If preventive services suddenly carry a price tag of hundreds (or thousands) of dollars, women may find themselves in serious financial trouble. Others may avoid going to the doctor altogether.

Consider a young woman between the ages of 30 and 35. Let’s say she decides to get a Mirena IUD at age 31 (the median age that women get one) at a cost of $1,111. She also gets a Pap smear every two years—so twice during that time frame—at $206 each. She could pay $1,523 total out of pocket for these standard women’s health services alone over the course of five years—and that’s not including emergency costs, annual physicals, or premiums for her health insurance plan that no longer covers preventive care.

An older woman between the ages of 60 and 65 could pay even more, since cancer screenings are frequent and pricey. She, too, would need two Pap smears at $206 each. If she also gets three mammograms (one every two years) at $267 each and one colonoscopy at $1,628, she could pay $2,841 total just for basic care over the course of those five years. (Plus, we’re assuming there’s no inflation and medical costs don’t increase in that time.)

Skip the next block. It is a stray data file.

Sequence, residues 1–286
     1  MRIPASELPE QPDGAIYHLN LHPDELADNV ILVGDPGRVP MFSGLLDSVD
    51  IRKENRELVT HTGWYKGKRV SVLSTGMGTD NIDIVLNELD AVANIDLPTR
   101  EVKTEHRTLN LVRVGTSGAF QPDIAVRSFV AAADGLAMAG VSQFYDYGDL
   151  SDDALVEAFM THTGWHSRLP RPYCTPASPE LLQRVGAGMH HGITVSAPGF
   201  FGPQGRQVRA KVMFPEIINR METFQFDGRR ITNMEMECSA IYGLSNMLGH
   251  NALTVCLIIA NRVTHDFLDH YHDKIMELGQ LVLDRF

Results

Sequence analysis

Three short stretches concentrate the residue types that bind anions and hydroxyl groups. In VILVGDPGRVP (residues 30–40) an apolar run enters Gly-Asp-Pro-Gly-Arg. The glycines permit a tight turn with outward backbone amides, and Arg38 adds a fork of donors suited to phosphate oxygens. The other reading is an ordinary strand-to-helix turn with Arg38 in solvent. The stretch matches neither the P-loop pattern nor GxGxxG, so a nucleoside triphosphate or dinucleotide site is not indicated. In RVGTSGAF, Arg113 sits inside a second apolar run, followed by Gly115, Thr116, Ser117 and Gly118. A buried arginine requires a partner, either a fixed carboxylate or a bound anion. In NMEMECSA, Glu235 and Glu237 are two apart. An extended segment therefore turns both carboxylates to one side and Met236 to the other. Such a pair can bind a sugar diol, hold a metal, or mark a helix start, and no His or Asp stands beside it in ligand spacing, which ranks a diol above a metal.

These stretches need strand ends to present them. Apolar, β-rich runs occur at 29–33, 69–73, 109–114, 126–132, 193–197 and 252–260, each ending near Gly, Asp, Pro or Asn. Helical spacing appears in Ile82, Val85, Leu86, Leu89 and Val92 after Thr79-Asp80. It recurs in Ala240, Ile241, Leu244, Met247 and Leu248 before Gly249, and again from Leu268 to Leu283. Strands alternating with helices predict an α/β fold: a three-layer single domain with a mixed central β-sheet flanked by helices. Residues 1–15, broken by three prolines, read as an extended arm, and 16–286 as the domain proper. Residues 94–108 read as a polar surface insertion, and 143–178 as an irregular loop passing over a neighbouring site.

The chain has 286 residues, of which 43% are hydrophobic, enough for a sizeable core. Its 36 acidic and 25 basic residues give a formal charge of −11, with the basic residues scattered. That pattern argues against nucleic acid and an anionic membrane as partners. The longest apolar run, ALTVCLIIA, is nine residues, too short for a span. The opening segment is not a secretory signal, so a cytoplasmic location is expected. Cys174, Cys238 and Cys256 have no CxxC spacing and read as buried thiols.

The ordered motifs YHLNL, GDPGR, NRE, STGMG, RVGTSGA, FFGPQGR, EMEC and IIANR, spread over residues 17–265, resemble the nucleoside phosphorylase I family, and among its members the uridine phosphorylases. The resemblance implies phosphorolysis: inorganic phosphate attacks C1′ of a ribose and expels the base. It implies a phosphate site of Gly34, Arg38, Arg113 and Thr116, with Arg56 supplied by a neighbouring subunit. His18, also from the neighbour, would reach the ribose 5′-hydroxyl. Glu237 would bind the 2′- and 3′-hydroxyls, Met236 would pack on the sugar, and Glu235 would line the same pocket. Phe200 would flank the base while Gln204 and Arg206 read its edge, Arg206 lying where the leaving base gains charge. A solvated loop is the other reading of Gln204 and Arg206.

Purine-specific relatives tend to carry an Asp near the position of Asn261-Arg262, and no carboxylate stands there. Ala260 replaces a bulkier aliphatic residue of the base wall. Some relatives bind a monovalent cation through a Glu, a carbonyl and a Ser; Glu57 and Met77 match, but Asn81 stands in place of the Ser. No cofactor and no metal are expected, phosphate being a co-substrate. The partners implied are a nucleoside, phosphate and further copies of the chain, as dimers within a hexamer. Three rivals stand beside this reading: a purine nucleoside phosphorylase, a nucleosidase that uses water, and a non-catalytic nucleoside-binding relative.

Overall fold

Keep in mind that no one knows for sure what will happen at this point. Perhaps insurance companies will step in and keep essential health benefits covered, the Senate will remove the waiver provision, or certain states will enact their own laws that protect patients. But as it currently stands, the bill could have a huge impact on women’s wallets.

Use Amino to estimate your current cost

You can use Amino to see a current cost estimate for any of the preventive care services discussed above. After entering your information below, select a doctor and click “calculate what you’ll pay” to see an out-of-pocket estimate customized to your insurance.

Methodology for how we determined these cost estimates

Amino's database has billions of health insurance claims from 129 insurance companies, which means we're able to show cost estimates for common medical procedures, doctors, insurance companies, and geographic regions.

We call our cost estimate the "network rate"—this is how much you and your insurance company together would pay a doctor or hospital for a procedure. You can learn all about how we determine our network rate estimates here. For this article, we looked at the median network rate estimates for each state and the country as a whole.

If the AHCA is signed into law and states waive essential health benefits, we hypothesize that the total cost Amino currently shows (the network rate estimate) could be passed down to you. However, your actual out-of-pocket costs for any of these procedures could be influenced by many factors, including whether your state decides to waive essential health benefits or, if not, what (and how much) your insurance chooses to cover, as well as your insurance plan design (deductible, copays, coinsurance, and out-of-pocket max) if they do choose to keep it partially covered.

Data analysis and visualizations for this blog post by Sohan Murthy